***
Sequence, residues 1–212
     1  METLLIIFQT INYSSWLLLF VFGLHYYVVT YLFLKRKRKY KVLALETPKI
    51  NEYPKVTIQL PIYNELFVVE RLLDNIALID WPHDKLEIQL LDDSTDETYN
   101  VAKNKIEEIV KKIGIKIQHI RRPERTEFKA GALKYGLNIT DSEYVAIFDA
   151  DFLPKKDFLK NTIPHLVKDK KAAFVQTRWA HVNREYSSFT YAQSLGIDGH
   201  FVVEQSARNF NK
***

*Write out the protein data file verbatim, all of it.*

Sequence, residues 1–212
     1  METLLIIFQT INYSSWLLLF VFGLHYYVVT YLFLKRKRKY KVLALETPKI
    51  NEYPKVTIQL PIYNELFVVE RLLDNIALID WPHDKLEIQL LDDSTDETYN
   101  VAKNKIEEIV KKIGIKIQHI RRPERTEFKA GALKYGLNIT DSEYVAIFDA
   151  DFLPKKDFLK NTIPHLVKDK KAAFVQTRWA HVNREYSSFT YAQSLGIDGH
   201  FVVEQSARNF NK